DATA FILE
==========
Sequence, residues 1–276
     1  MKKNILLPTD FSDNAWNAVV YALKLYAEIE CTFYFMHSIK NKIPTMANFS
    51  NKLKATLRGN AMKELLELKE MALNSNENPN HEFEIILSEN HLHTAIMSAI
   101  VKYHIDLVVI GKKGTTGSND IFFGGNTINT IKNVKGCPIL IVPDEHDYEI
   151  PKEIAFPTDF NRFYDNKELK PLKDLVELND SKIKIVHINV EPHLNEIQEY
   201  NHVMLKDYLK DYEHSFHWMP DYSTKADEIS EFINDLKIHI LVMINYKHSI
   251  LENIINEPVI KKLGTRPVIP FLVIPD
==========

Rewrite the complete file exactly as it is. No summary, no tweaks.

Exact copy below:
Sequence, residues 1–276
     1  MKKNILLPTD FSDNAWNAVV YALKLYAEIE CTFYFMHSIK NKIPTMANFS
    51  NKLKATLRGN AMKELLELKE MALNSNENPN HEFEIILSEN HLHTAIMSAI
   101  VKYHIDLVVI GKKGTTGSND IFFGGNTINT IKNVKGCPIL IVPDEHDYEI
   151  PKEIAFPTDF NRFYDNKELK PLKDLVELND SKIKIVHINV EPHLNEIQEY
   201  NHVMLKDYLK DYEHSFHWMP DYSTKADEIS EFINDLKIHI LVMINYKHSI
   251  LENIINEPVI KKLGTRPVIP FLVIPD